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Winds of Asia “Passerby #3” Interview with Shin Su-won (Director)(10/26)

Winds of Asia “Passerby #3” Interview with Shin Su-won (Director)(10/26)

The heroine of “Passerby #3,” a Korean indie film, is an almost 40-year old housewife with a child, who is also an aspiring film director. The story follows her as she continues to fret about the scenario for her debut feature film. Shin Su-won is no ordinary director to have managed to turn this story into a hilarious, touching and cheerful film. But in real life, she is a calm, petite and slightly bashful woman.
©2010 TIFF

---How far is your own life reflected in the main character, Ji-wan?

I am a homemaker with two children. I left my teaching work in my 30s and went to Korea National University of Arts in 2002. After I graduated, I worked in a film company for a while. I was preparing for a music film before “Passerby #3,” so the scenes in which a band performs in the film are from those days. I have much in common with Ji-wan, but only about a quarter of the story is from my experiences, and the rest are fictional for the film. Ji-wan is also a character I had in mind from the beginning.
However, I also endured the difficulty of making a feature film, just like Ji-wan did. Most of the lines are like my “diary” for the last 10 years.

---The title “Passerby #3” is a keyword in the story. Its cynical implication that a passerby No. 3 is an extra who never plays the leading character flips to have positive meaning in the second half of the story. I understood it as cheer for the women from the “386 generation” who are playing increasingly more important roles in society.

I am one of those from the “386 generation”, but my priority was to console myself (laughs). But that seems to have helped to gain support and sympathy from the women of the same generation, and I am certain this film will cheer up many people who are struggling to balance work and home.

---The female producer bosses Ji-wan around, demanding her to rewrite the scenario to resemble a blockbuster film. She is the villain in this satire of the film industry, but she, too, is portrayed as one of the working women from a kindly viewpoint.

For a director, a producer is a partner as well as someone to confront. I also experienced that my producer didn’t understand me and that I felt bad. I wanted to free myself from such conflicts in this scenario, and wanted to look at it from a higher place.
Producers who work in a huge system of commercial film industry tend to be pushed into being a villain. The producer of “Passerby #3” had a film she wanted to make, but she gets caught up in the system without noticing it. Directors and producers have their own difficulties and worries. Some people were concerned that “Passerby #3” may upset some people in the industry (laughs), but I am relieved that most producers have viewed it favourably.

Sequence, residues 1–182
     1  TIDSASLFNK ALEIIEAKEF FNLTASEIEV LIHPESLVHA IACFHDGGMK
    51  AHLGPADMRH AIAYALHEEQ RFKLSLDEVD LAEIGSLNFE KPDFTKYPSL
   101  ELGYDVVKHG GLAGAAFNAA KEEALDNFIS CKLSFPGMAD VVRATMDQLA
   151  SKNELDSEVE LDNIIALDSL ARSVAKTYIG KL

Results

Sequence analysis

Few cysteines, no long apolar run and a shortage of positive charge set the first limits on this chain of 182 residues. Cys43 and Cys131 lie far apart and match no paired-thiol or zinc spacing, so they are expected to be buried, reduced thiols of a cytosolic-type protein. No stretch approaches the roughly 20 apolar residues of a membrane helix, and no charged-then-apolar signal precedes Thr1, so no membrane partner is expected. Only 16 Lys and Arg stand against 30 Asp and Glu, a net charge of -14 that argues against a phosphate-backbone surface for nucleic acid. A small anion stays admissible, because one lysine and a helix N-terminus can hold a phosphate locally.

©2010 TIFF

---In the first half of the story, Ji-wan feels enlightened to see a rainbow reflected on a puddle. After some twists and turns towards the end, she sees another rainbow, this time with her son in the sky, showing a brilliant linkage between the two scenes.

That scene was not in the plan. A real rainbow came up when we were shooting, luckily enough, both characters were on site. We rushed to film them before the rainbow disappeared. We had been very tired in the scorching heat that day, but we were very pleased to have managed it.

---Ji-wan persists on the story of a rock band, and her rebellious son joins a school rock band due to her influence. You are credited to the music, as well as a scrip writer and a producer. Were you a “rock chick”?

The music and performance are by a young band, and to be precise, I should be credited for the selection and production of music. I used to like pop music, but I have become a rock fan as I got older. At this rate, I could be a guitarist in my next life (laugh).
When I was a teacher at a junior high school, there was a boy who was very bright but had become a delinquent because of his family circumstances. When I saw him playing in a band at a school festival, I realised he needed a tool to vent his frustrations. Rock music is a good way to sort out teenage frustrations.

---“Passerby #3” has already won the Grand Prix at the Jeonju International Film Festival this year. What’s your next film?

Investors are reviewing my script at the moment. The theme is music, it is about a youth at a guitar factory.
I have been approached by a major film company to see if I was interested in a “genre film”, but I did not quite understand what they meant (laughs). Regardless how I am involved with films, my priority remains to make a film I would want to watch myself, which is a film to portray a real life.

(Interviewed by: Kosuke Wakaki)

Passerby #3
Film Information

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KEIRIN.JPThe 23rd Tokyo International Film Festival will be held with funds provided by Japan Keirin Association.TIFF History
22nd Tokyo International Film Festival(2009)